Now we can accurately give franchisees a playbook to successfully run and operate their own PLAYLive.
Know your market.
As simple as it sounds, this is a comprehensive step. Start with fully knowing your demographics. Who is your ideal customer? At PLAYLive, we know our demographic is individuals aged 10-39.
Since you are growing out of your region, you also need to understand the market trends across the country.
For example, here are some different areas to consider:
Knowing and understating these variables give you a better foundation to sell units and set a franchisee up for success. You also don’t want to invest into franchising your business model if the industry only has a five to ten-year life span on it. For example, you wouldn’t invest in a video store anymore.
As for the gaming industry, it’s gaining popularity across the Unites States. In the next five years, it’s forecasted to reach a $93.18 billion industry. In combination with that, social and casual gaming is on the rise. Virtual reality products are starting to be introduced to the market, which may provide unique opportunities for PLAYLive in the future.
We are confident in the gaming industry longevity.
Evaluate what components of the business can be automated and where more in-depth systems need to be in place.
Fundamentally, a franchisee needs to cater to any individual on the street. That’s part of the value of purchasing a proven model over starting your own business. Building systems to accomplish the day-to-day tasks makes your business easier to run. This makes a wider pool of potential franchisees. Automation helps reduce the number of staff needed, decreasing overhead.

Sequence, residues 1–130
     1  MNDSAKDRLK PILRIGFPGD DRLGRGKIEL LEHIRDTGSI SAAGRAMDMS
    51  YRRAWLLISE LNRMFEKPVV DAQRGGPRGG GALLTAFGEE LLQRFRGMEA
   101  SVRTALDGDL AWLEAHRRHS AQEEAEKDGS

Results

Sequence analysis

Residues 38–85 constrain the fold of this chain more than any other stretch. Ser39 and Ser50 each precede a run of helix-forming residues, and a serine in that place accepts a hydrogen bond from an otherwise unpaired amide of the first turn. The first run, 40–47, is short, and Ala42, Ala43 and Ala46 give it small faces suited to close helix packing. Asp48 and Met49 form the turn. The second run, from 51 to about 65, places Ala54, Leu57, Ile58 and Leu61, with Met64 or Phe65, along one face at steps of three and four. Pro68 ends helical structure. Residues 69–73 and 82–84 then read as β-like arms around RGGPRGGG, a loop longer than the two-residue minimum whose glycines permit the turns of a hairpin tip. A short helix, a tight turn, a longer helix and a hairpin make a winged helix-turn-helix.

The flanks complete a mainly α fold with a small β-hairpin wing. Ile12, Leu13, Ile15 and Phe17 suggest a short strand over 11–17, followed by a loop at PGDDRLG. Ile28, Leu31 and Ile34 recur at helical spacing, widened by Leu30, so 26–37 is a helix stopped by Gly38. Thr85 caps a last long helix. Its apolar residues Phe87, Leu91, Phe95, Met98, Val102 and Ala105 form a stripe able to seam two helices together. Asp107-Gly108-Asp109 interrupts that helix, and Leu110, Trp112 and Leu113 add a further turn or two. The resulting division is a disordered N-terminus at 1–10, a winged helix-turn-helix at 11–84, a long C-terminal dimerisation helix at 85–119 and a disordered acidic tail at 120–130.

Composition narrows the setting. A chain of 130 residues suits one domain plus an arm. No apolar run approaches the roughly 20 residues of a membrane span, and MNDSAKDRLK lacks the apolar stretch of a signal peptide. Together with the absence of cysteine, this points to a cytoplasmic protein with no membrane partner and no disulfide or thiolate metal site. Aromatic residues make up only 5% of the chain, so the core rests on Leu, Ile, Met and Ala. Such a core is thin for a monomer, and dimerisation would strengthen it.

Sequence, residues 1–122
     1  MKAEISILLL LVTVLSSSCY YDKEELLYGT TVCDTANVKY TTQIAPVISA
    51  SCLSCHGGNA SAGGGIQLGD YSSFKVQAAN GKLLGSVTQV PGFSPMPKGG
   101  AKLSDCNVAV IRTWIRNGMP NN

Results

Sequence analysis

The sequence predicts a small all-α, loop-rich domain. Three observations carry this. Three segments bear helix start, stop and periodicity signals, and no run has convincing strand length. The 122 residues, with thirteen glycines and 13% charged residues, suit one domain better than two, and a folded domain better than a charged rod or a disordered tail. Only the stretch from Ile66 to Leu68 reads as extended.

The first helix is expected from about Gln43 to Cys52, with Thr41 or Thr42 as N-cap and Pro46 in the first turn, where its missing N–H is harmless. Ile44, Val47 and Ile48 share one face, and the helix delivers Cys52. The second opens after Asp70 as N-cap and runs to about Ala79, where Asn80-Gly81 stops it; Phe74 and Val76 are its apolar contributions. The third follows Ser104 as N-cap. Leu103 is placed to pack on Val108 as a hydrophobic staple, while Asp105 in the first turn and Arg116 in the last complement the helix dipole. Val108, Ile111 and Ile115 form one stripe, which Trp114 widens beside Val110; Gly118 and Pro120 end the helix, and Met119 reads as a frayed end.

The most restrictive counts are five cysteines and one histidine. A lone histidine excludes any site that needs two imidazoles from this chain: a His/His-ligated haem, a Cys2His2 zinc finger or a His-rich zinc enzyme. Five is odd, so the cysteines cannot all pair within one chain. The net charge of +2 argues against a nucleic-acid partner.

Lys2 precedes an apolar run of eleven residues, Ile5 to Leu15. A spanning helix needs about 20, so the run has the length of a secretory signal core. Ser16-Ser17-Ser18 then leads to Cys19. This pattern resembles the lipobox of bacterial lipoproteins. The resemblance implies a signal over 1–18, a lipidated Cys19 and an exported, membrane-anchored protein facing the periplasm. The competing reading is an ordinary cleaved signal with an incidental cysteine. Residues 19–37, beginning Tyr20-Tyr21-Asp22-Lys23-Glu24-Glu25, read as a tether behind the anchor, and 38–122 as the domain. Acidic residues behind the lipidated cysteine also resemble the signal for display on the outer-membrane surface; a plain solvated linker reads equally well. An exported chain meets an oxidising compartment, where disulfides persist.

One of the most fundamental aspects is the Point of Sales system. (“POS”) A franchisor can purchase a ready-made system or create their own. At PLAYLive, we created our own proprietary POS. This gives us the ability to measure specific metrics and gives our operators the exact functions necessary to manage the business.
By franchising your business, you are changing the type of business you operate.
For example, if you run a bagel shop, you make and sell bagels. Once you franchise, your role now is to teach others to make and sell bagels.
That’s oversimplified, but you can start to see the difference. It changes your role in the business. If you want to franchise, you need to realize that you are changing your role in the company to overseeing franchising.
Often, I have clients who leverage franchising as their business exit. They no longer wish to run the day to day of the business, so they transition to running the franchise operations. Others integrate succession plans where generation two or three step in to manage the expansion.
There is a lot of flexibility and freedom to how you structure this process for your particular business.
Just as running a franchise is a different model than your current business, the skills to successfully turn your business into a franchise are different than the ones you leveraged to create your current business. If you are ready to commit to the franchising model, it’s time to assemble your team to get you there.
Your team will include professionals to consult on operations, legal, accounting, and building infrastructure.
As a part owner in a franchise and an experienced franchise lawyer, my expertise can help you create a solid legal foundation for your business. It’s important to have a trusted franchise lawyer create the Franchise Disclosure Document. Additionally, I work with clients to help validate the business model, review franchisee lease agreements, and more.
Contact me today to start your journey toward franchising.